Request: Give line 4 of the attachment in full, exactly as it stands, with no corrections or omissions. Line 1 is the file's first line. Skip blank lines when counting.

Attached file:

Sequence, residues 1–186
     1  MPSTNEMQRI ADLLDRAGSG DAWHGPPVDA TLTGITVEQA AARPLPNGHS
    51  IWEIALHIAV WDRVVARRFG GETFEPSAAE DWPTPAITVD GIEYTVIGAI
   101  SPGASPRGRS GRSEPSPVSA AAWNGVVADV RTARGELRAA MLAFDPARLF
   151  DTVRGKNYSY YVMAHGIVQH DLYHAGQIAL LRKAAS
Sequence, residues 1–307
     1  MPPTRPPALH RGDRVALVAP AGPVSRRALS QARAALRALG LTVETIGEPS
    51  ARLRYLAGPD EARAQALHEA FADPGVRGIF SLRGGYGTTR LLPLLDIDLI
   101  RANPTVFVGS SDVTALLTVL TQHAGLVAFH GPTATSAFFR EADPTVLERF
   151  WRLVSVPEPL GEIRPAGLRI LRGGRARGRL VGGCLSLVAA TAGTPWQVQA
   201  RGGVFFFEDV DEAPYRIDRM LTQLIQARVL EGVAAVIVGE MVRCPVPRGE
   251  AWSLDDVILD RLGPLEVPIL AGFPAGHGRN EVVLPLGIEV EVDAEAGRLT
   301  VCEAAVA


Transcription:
   101  SPGASPRGRS GRSEPSPVSA AAWNGVVADV RTARGELRAA MLAFDPARLF